For Les Fruits de Mer, the current volunteer work is just the beginning of an ongoing collaboration with the community to make the museum an active space. The association is developing community projects—like gardens and a free nursery for native trees. They also want to create exhibits with community members who have stories to share.

“Our goal is to create a space where people can share the stories of St. Martin in many ways—exhibits, videos and live events,” explained Les Fruits de Mer co-founder Mark Yokoyama. “We can record the stories and develop exhibits, but the stories have to come from the people of St. Martin. Everyone has a story.”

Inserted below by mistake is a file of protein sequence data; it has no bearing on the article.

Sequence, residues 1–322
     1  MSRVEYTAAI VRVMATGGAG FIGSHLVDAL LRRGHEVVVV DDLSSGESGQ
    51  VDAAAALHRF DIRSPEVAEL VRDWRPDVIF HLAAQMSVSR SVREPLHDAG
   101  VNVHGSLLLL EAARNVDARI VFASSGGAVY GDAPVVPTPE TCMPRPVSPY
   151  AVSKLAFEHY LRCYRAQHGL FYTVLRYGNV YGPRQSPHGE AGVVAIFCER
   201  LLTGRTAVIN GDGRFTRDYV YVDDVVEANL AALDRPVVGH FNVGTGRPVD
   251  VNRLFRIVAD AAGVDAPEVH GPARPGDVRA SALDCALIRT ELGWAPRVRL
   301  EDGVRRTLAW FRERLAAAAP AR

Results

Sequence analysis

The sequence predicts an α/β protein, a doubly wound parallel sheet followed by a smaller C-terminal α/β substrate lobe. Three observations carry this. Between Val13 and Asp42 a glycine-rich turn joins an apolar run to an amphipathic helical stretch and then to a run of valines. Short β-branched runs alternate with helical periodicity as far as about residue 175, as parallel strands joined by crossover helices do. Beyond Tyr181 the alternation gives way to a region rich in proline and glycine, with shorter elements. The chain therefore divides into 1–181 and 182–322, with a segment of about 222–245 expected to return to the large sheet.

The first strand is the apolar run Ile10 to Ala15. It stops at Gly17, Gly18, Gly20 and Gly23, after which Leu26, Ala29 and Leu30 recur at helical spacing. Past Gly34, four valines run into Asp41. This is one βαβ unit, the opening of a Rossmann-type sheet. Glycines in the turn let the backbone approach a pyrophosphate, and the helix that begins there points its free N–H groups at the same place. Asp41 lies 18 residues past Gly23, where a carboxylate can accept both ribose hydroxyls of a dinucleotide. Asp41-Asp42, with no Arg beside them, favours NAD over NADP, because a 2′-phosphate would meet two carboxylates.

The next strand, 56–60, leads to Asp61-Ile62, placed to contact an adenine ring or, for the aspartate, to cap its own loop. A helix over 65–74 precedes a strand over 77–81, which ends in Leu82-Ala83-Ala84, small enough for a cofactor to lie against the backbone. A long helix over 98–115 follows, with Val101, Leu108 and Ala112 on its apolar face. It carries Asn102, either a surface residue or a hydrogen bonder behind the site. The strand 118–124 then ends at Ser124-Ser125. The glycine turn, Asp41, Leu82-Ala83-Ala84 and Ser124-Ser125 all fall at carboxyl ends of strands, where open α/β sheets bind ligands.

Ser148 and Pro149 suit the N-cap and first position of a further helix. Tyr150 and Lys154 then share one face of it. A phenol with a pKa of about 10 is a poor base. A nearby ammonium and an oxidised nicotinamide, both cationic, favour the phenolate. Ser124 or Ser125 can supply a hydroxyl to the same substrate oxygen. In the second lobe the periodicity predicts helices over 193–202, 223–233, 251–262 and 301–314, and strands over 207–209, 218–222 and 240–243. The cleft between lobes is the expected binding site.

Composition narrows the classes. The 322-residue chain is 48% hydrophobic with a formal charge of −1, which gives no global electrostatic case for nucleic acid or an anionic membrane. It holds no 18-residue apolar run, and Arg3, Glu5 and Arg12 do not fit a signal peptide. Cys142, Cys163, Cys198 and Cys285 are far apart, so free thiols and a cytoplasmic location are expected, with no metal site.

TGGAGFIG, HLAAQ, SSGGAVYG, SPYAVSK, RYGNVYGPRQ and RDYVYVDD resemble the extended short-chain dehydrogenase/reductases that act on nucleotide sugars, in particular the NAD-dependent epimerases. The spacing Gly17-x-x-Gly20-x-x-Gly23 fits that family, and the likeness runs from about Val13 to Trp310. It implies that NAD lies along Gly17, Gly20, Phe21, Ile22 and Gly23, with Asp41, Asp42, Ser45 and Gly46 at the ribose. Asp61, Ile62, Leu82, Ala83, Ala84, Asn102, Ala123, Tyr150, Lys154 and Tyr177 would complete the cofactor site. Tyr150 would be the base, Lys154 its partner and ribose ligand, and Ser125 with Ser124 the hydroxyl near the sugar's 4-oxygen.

Volunteers are invited to help work on the museum from 8am to 11am on Sunday, April 8th. There will be an idea box for volunteers to submit ideas about what they’d like to see featured in the Amuseum. Volunteers can also suggest plants that should be grown in the museum’s bush tea garden. For more information visit http://www.lesfruitsdemer.com or find Les Fruits de Mer on Facebook

Amuseum Updates!

The relaunch of Amuseum Naturalis has been progressing in many ways. Our volunteer days have been getting more and more busy with loads of people coming out to help. Luckily, we have plenty of work to do! Here’s a short video from Saturday:

Our next clean-up is Saturday, March 24th from 9am to noon with a BBQ after. Please come by! You can also invite friends via Facebook.